SAL takes aim at DP World over port problems


Shipping Australia Limited lambasts DP World over port delays, claiming truckers aren't the only ones being affected

SAL takes aim at DP World over port problems
Shippers take aim at DP World over port problems
By Rob McKay | November 10, 2010

DP World faced attack from a second front in Sydney today with peak container line body Shipping Australia Limited (SAL) lambasting the stevedore for lack of proper planning over its IT system changeover.

Comment from SAL comes as DP World battles to overcome problems with the Navis Sparc N4 terminal operating system, which was the subject of intense criticism from the NSW branch of the Australian Trucking Association yesterday.

After four days of disruption, ATA NSW warned today that waiting times for trucks to get into the port continue to span between two and five hours and times inside the terminal stretch between two and three hours.

It has called on DP World Sydney General Manager James Mather to close the terminal until the problem is fixed.

Haulage firms are concerned of the impact delays and uncertainty are having on driver-fatigue outcomes and have questioned what chain of responsibility obligations the stevedore might have under the circumstances.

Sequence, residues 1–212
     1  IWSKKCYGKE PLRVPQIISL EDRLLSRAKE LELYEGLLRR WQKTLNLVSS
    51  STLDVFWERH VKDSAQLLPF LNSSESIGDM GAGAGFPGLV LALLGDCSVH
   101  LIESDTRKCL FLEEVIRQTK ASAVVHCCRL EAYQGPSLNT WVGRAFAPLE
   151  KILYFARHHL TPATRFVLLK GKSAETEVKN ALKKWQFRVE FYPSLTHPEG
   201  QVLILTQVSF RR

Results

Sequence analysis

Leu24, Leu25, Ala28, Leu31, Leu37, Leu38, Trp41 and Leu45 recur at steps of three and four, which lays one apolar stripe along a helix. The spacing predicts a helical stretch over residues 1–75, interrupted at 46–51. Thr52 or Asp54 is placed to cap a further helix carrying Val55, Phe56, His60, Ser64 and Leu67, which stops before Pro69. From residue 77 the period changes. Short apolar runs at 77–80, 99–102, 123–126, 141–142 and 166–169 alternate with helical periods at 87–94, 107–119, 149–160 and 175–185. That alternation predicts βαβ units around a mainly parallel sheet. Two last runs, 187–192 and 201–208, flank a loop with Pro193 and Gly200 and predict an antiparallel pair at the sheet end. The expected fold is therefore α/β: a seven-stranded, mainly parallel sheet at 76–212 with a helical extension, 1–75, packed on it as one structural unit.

SAL CEO Llew Russell was trenchant in his criticism of the stevedore’s performance.

"This week has seen serious delays again being experienced at DP World following the introduction of a new IT system which appears not to have been trialled in terms of parallel testing, and a question must be raised: why would a new computer system be introduced during the peak season for containers being imported through Sydney?" Russell says.

"More importantly this is the final straw in a long period of serious delays being experienced by our members at DP World container terminal at Port Botany."

Russell says DP World promised action in June this year to ease congestion by commissioning new cranes to improve the efficiency of lifting containers on and off vessels.

"Subsequently, Shipping Australia was assured that by the end of August many of the problems being experienced would be resolved, but regrettably the congestion has continued," he says.

Due to the delays, Russell claims shipping operators are incurring massive fuel bills because they need to speed up their vessels to try and return to regular sailing schedules.

"The extra fuel costs are simply not sustainable and the integrity of members services are being undermined much to the frustration and anger of all players in the supply chain," he says.

Russell is warning that members are compiling records of the costs imposed by delays with a view to pursuing DP World for compensation.

"One measure is the application of a congestion surcharge which, in my view, will undermine the reputation of Sydney ports internationally."


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